Christina Trivellin, author, art critic, journalist and curator in Italy.

Paolo lives and works in Milan, Italy. Paolo has no current artworks available, but he often takes on commissions.
Please see a selection of his latest works.
Please inquire further if those are of any interest, we will be happy to answer any questions, you may have.

Curriculum Vitae.

Your body of work consist of soldiers, is there any correlation with war or any political and/or social issues you wish to transmit through your creation?

I am deeply against wars, I believe that some of my works say exactly what I think. An aspect that I like about my work, perhaps also one of the reasons why it is so transversal is the possibility of a double reading of it.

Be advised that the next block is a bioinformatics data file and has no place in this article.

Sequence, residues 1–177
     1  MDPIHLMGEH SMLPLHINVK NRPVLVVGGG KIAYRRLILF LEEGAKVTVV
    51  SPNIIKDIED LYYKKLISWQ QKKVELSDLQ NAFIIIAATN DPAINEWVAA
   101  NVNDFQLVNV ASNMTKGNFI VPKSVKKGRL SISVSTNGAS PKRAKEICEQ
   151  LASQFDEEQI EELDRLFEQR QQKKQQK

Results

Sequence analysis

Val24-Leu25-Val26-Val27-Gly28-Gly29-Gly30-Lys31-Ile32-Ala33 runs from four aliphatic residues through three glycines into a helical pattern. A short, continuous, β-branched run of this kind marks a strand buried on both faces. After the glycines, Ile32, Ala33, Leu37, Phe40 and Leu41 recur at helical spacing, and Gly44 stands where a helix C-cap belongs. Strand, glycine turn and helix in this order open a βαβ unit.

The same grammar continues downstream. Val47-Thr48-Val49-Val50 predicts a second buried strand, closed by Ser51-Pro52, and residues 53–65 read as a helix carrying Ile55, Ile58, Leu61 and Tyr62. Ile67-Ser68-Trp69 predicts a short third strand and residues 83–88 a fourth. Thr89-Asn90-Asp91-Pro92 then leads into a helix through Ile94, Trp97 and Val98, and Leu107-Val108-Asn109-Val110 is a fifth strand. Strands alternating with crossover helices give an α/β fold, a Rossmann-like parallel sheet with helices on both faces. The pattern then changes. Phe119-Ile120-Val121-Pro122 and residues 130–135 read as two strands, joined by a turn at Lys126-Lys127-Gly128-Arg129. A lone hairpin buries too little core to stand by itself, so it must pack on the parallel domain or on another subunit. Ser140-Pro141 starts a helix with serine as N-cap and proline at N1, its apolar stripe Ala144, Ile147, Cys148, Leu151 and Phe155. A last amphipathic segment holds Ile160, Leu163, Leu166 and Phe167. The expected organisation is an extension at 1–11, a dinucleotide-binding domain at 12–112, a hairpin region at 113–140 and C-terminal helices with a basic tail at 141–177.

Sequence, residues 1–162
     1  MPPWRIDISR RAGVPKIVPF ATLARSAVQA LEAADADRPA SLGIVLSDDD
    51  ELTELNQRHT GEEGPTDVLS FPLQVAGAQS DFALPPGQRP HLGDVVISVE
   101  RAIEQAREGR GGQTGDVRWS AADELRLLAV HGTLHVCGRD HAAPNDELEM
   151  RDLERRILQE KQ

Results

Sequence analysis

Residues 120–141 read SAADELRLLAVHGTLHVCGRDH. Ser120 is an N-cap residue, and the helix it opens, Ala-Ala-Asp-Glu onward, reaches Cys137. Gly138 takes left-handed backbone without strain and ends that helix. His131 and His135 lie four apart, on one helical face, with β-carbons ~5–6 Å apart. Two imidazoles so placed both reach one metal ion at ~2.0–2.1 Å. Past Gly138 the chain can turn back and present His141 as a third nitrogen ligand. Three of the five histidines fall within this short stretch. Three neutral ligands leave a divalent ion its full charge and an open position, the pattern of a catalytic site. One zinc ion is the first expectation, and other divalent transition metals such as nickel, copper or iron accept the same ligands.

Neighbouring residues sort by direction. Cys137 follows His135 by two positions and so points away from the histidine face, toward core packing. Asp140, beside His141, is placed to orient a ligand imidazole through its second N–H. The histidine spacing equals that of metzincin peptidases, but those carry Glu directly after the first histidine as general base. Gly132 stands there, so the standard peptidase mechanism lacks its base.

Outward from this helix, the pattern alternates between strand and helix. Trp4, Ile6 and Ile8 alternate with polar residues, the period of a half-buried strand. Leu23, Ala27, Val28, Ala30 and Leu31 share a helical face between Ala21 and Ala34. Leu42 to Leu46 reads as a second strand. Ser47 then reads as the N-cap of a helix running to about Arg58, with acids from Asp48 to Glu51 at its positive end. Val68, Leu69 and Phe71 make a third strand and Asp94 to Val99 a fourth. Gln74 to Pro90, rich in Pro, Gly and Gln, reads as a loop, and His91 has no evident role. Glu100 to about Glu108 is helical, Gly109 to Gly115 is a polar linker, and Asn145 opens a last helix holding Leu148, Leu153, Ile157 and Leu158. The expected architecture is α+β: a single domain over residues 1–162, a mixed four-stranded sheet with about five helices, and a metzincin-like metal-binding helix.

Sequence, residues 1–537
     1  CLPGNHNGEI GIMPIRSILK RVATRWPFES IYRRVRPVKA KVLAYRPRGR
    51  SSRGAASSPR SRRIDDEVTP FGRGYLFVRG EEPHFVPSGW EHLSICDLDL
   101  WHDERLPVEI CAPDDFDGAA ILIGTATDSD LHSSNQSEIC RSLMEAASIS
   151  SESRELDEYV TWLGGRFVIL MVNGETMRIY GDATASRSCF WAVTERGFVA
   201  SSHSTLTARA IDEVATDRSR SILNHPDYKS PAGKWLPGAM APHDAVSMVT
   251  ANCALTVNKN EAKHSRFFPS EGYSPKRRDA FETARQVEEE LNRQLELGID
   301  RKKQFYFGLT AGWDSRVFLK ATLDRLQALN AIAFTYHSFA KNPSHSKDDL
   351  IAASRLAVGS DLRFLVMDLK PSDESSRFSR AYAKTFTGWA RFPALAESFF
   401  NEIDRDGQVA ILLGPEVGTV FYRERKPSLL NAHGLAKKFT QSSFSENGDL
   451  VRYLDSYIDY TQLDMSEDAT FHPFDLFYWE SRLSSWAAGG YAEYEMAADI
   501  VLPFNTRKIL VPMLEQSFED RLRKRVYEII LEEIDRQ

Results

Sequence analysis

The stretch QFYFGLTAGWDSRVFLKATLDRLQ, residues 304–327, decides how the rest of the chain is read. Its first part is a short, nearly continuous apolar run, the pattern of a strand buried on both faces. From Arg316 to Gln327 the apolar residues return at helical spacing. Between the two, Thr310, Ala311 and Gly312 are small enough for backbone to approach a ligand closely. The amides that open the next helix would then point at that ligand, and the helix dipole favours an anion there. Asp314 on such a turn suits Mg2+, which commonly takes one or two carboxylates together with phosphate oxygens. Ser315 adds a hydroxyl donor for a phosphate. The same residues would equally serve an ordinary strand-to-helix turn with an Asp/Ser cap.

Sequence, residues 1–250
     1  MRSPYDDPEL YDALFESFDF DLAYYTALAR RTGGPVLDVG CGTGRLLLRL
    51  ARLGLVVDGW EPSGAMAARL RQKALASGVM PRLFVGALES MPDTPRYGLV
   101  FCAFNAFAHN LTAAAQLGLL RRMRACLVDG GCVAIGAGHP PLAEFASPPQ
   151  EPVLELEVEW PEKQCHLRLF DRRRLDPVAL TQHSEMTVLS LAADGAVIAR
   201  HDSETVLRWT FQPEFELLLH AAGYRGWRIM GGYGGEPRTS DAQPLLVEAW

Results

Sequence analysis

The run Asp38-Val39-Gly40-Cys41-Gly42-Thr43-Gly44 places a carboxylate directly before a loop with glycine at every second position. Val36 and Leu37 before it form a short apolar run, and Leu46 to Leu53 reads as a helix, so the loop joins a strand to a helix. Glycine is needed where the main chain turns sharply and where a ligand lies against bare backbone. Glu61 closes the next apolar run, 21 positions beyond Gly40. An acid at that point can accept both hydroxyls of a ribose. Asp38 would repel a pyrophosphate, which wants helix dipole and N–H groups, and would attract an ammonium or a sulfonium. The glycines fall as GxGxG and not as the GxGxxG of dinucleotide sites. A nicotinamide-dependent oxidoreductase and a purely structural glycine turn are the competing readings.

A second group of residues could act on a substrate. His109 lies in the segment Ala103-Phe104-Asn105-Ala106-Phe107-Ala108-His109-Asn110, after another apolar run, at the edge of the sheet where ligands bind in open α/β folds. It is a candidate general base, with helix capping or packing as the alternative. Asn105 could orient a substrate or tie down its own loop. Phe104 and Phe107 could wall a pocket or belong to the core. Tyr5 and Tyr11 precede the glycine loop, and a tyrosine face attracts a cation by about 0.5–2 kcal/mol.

In the American flag made with tanks, there are those who see a warmongering message and those who see a patriotic message, this amuses me a lot.

You mention in your biography, in 2006, when you started working on this conceptual art of soldiers, you asked yourself why do children play with little soldiers that represent in essence war, have you managed to find an answer or at least your answer to this question?

I have not found an answer as to why, I have a sufficiently adult view now to be able to say that it is part of the human condition to be in conflict.
The war game played with toy soldiers is nothing more than a training...

Some of your pieces are created with many soldiers on them. How many soldiers did you manage to put in one piece and how long does an average piece take?

Mentally when I glue the soldiers on the canvas I count them but then I stop and then start counting again, never knowing how many they actually are. I can create a medium sized piece in a week but this is only because I have been doing it for more than 12 years, it is still a matter of training...